Navy performed limited background checks on Thompson and Salvatore Carabetta when project was granted. Shaw Group and Carabetta were feuding during project, company rejected warnings from whistle-blower John Jack, costs escalated and components of houses were downgraded without Navy approval. Navy couldn't get documentation out of American Eagle, Navy didn't act quickly on information from John Jack.
Principal-agent theory. In this time of ever more scarce government resources, the idea that one level of government can mandate the activities and therefore resource usage of another may seem counter-intuitive. Taken together with the politics-administration dichotomy, it would appear that civil servants have little control over what they do on a daily basis or how they are allowed to do their jobs. In reality, though, the bureaucrat signals the elected official in a number of ways about his or her preferences when it comes to methods of serving their clients, the public receiving the benefits of that agency’s activities (Lang, 2005, p.295). And elected officials similarly signal the bureaucrats. The challenge, though, comes from the many competing influences on the bureaucrat, surrounded by competing viewpoints and therefore differing directions to follow. Learning how to successfully navigate this complicated web of government level influence is a major task for public administrators! The company in charge, American Eagle, was a newly formed consortium of the Shaw Group, a government contracting giant, and Carabetta Enterprises Inc., led by Salvatore Carabetta of Connecticut. American Eagle was managed by Kathryn Thompson of Dallas Films Media Group. (2009, June 30). As the months progress, John Jack a project manger with American Eagle says he kept detailed records. By that point, his estimates were showing that if allowed to progress, cost overruns for the Seattle project would amount to $28,613.812 million. Jack says his continual attempts to get his superiors at American Eagle to listen were ignored. Then in February 2006, while still employed by American Eagle, he decided to take a new tactic. He called the Navy. Surely, he believed, they would want to put to a stop to the overruns. He called his counterpart in the Navy. They met in February over at the new model home. They were sitting in her truck and he handed her some documents that showed what American Eagle was up to. Films Media Group. (2009, June 30). John Jack was asked point blank, “How do we stop this?” And John replied, “You need to hold American Eagle to the terms and conditions originally agreed.” This moment in February 2006 is a very key step for John Jack. He went from being an American Eagle, director of a project, to being a whistleblower within American Eagle going to the Navy and telling them that money was being wasted or who knows what was happening to the money and that the project was in trouble. When he reported this to the Navy, you would expect them to immediately halt everything on this project and turn every stone. They did not really do that. In the process John Jack was going to be fired in two weeks by American Eagle. Before he was fired, he started gathering documents. He made copies of every document that he had, and started taking them with him: all his, emails, letter, change orders, tens of thousands of different correspondents here and there.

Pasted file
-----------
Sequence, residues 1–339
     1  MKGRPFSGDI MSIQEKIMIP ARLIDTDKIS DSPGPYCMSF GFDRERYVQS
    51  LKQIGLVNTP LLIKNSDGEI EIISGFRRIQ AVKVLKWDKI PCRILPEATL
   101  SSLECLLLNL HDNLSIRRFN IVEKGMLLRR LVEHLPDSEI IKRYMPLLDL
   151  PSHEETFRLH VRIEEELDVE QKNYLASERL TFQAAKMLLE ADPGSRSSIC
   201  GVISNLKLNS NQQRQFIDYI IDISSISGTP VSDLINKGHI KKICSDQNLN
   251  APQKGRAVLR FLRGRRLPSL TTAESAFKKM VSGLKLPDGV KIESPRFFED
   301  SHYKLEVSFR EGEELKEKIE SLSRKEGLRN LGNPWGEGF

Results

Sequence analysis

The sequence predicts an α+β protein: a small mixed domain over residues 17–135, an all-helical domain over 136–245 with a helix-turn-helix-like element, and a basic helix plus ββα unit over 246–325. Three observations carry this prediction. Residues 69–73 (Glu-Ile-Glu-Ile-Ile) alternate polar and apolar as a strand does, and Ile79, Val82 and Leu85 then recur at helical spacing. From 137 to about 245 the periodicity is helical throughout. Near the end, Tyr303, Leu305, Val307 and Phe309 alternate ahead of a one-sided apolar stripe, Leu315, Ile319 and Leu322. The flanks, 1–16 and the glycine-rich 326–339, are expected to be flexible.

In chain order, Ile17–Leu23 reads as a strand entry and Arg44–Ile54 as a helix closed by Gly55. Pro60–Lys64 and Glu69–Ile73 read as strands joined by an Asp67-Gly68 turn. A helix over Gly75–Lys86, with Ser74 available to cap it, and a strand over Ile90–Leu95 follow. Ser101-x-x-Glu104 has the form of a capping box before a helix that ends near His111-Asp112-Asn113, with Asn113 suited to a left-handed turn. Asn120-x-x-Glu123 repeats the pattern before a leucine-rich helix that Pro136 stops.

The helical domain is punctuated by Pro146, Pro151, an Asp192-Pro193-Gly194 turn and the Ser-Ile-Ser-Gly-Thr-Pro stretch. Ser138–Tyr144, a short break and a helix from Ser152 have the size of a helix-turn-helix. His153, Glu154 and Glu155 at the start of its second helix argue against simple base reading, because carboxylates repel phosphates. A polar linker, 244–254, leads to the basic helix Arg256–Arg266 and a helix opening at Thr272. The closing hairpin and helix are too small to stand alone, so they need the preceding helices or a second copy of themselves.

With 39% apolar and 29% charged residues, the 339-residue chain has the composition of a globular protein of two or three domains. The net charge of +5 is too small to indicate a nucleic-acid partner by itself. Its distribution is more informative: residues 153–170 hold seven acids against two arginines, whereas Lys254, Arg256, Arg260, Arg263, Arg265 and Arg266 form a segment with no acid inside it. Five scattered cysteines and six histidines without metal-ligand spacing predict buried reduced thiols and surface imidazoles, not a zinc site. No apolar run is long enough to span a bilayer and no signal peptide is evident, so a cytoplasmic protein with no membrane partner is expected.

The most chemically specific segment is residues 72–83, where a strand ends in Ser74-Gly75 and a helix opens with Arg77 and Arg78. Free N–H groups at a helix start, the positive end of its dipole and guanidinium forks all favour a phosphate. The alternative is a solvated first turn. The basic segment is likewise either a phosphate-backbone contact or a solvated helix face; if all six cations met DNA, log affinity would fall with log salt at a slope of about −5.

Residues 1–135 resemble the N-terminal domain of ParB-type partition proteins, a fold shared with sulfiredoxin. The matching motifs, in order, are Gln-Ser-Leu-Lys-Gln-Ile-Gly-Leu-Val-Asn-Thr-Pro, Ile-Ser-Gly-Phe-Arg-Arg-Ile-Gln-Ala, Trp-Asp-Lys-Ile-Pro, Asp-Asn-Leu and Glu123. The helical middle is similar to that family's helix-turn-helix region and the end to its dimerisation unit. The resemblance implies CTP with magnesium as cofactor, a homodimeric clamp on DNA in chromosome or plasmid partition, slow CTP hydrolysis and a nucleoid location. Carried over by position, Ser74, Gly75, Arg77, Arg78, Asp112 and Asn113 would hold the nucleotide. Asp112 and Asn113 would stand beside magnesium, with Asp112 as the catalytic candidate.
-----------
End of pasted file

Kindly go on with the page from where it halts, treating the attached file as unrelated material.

John Jack filled a federal whistleblower lawsuit against American Eagle. He also turned his information over to the U.S. Justice Department hoping to convince them to join him in suing on behalf of the Navy. The charge: American Eagle had illegally overbilled the Navy. Under the law, if the suit was a success, John Jack would receive a percentage of any financial settlement. And then for a year and a half, he went silent. The result of...